IRA Payroll Deduction Plans
- More Employers (Including
Banks) and Employees
Should Be Participating
Retirement statistics almost always
indicate many individuals are not saving
or investing what they should to ensure a
financially secure retirement. All
employers, including a financial institution
which is an IRA custodian/trustee
should be thinking - should we be helping
our employees by offering a payroll
deduction program. Such a program can
be sponsored in addition to another
retirement plan, be it a 401(k) plan, profit
sharing plan, SEP IRA plan or SIMPLE
Financial institutions serving as an IRA custodian/trustee should be ready and able to help its employer customers with their payroll deduction programs. A person does not need an employer to assist with making IRA contributions, but most employees will appreciate their employer's participation. As with any IRA, once the funds go into the employee's IRA, the funds are always 100% vested or owned on behalf of the individual.
What is a payroll deduction program? An employer will need to decide what payroll deduction services it will render and then communicate its policies and procedures to its employees. There is no legal requirement to offer such services to all employees, but most employers would choose to do so.
The employer will notify its employees that an employee can complete a payroll deduction form authorizing that an
amount be withheld from their payroll and then contributed to their traditional IRA and/or Roth IRA. Although normally done on a periodic basis, the payroll deduction can either be done on a periodic basis or on a nonperiodic basis.
The employee may establish their traditional IRA or Roth IRA at whatever financial institution they choose. However, it may be possible the employees would accommodate the employer's desire to deal with just one financial institution. An employer has the responsibility to transmit the withheld payroll funds to the IRA custodian on a timely basis. Once contributed, the employer would have no further responsibility.
As long as the employer limits its actions as discussed above, the payroll deduction plan is not an ERISA pension plan subject to the many laws and reporting requirements applying to an ERISA plan. There is no annual filing or reporting requirements. There is no duty to complete a person's Form W-2 to show participation in a payroll deduction program. Participation in a payroll deduction program does not make a person an active participant in a retirement plan for purposes of determining whether a person is eligible to claim a tax deduction for their contribution. The individual is responsible (and the employer is not responsible) to comply with the contribution and tax deduction rules.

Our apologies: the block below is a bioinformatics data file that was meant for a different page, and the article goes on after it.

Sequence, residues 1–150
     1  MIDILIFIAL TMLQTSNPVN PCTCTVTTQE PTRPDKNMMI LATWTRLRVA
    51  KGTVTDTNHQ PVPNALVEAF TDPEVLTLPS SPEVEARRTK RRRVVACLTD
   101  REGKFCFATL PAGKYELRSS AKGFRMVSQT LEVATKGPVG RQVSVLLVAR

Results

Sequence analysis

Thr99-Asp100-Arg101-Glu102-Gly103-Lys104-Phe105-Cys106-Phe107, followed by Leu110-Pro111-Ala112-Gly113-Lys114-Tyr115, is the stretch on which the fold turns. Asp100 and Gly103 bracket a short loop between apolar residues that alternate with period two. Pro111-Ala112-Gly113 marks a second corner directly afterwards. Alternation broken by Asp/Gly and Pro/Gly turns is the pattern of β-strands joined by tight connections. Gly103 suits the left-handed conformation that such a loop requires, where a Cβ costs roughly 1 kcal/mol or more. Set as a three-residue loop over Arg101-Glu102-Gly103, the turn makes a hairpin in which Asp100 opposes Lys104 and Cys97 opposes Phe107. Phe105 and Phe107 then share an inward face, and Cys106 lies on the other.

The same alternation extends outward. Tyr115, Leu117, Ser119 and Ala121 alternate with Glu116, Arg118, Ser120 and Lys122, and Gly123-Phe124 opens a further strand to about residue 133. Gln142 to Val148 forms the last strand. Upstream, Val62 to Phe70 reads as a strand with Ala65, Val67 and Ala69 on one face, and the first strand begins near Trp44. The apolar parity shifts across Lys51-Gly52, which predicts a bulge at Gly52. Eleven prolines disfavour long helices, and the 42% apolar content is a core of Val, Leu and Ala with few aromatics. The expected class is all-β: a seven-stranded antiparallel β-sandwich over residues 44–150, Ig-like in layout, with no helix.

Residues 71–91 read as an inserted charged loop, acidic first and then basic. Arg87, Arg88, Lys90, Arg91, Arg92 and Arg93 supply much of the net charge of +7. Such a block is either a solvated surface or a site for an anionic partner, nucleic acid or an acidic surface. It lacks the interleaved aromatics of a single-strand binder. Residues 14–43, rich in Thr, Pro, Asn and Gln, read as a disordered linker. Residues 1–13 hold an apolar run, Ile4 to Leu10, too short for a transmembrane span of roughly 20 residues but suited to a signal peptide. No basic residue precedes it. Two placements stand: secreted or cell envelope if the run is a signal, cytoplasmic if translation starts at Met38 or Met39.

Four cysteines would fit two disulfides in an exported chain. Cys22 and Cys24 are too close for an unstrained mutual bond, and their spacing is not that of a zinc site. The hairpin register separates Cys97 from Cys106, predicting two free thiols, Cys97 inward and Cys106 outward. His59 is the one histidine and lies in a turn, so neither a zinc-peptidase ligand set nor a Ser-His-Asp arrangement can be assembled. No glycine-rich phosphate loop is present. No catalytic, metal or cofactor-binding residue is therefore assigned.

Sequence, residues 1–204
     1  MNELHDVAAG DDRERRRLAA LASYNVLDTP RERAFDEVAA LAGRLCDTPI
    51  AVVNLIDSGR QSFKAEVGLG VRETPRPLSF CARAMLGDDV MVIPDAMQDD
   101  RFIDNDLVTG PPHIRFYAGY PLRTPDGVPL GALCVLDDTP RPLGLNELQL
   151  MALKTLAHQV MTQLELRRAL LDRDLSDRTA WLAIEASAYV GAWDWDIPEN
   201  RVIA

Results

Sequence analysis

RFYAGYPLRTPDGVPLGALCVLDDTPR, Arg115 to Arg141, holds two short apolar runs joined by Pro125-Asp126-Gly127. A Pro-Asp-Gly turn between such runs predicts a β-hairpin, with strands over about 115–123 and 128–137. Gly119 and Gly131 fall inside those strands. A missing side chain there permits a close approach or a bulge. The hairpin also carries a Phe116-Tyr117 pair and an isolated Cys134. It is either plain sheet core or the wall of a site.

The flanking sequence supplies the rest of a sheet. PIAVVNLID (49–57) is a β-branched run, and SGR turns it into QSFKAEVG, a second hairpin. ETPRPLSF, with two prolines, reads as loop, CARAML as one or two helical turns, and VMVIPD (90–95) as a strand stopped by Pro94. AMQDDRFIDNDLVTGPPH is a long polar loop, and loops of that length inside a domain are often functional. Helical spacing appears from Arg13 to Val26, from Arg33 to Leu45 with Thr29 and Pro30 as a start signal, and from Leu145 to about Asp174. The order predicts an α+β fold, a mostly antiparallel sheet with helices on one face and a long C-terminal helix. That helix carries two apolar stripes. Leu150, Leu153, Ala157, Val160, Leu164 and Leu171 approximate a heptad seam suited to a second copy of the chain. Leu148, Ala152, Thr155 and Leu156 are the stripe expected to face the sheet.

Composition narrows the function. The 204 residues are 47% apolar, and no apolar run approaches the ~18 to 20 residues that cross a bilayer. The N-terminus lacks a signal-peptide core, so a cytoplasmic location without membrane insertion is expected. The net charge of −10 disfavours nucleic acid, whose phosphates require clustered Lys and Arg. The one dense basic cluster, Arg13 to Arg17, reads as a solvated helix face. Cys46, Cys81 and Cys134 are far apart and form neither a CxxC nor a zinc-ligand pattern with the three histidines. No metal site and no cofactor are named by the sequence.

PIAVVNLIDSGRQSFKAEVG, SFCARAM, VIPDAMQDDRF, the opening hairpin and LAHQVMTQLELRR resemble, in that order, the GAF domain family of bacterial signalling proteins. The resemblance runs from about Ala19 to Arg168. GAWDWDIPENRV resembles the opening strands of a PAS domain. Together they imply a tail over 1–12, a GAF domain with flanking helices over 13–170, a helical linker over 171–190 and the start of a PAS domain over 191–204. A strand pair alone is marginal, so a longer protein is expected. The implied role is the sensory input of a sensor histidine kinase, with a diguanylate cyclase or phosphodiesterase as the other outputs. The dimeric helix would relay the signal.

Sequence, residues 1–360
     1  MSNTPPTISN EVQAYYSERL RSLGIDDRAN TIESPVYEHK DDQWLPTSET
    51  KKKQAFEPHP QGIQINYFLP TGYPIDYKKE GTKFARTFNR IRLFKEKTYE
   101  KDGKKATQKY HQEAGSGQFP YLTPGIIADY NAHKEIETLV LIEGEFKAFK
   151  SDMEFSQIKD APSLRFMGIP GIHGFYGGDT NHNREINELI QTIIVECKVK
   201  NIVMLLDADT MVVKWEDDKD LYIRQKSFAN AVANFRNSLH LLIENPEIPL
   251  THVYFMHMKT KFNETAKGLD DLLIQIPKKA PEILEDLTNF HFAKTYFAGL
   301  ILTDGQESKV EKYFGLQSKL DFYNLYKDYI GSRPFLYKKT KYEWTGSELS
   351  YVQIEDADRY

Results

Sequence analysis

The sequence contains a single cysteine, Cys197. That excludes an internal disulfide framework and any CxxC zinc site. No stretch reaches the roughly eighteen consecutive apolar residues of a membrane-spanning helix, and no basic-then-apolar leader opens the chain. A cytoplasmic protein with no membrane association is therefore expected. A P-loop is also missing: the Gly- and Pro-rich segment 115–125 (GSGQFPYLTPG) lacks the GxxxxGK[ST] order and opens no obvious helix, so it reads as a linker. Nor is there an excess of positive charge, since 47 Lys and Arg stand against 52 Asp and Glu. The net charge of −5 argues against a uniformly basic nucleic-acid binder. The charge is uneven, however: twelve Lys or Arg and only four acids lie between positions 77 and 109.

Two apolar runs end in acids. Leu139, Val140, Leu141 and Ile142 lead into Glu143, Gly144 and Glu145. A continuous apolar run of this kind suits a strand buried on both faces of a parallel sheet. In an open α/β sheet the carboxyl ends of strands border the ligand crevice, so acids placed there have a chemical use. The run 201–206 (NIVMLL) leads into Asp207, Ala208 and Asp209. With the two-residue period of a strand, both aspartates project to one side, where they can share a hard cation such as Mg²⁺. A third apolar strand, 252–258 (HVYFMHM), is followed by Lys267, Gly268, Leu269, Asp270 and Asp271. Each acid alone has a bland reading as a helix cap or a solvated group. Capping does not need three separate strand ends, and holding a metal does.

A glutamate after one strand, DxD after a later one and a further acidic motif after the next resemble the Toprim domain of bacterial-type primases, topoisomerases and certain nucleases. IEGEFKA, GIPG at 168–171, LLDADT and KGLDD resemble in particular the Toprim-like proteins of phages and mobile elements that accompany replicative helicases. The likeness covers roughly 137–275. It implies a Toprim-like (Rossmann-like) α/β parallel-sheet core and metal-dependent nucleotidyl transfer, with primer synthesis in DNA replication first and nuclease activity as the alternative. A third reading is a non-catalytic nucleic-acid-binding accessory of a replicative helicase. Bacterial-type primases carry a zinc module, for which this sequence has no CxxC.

An employer can decide if it would pay an employee additional compensation (after-tax compensation) so that the employee would be more willing to instruct to have a payroll deduction contribution. There are no formal IRS rules governing what an employer is to do if it decides to terminate its payroll deduction program. An employer should notify its employees that as of a certain date the payroll deduction program has been terminated.
There is IRA business to be gained by assisting your business clients with establishing a payroll deduction program. And a financial institution sponsoring a 401(k) plan can also sponsor a payroll deduction IRA program for its employees. Help your employees save/invest more for retirement.
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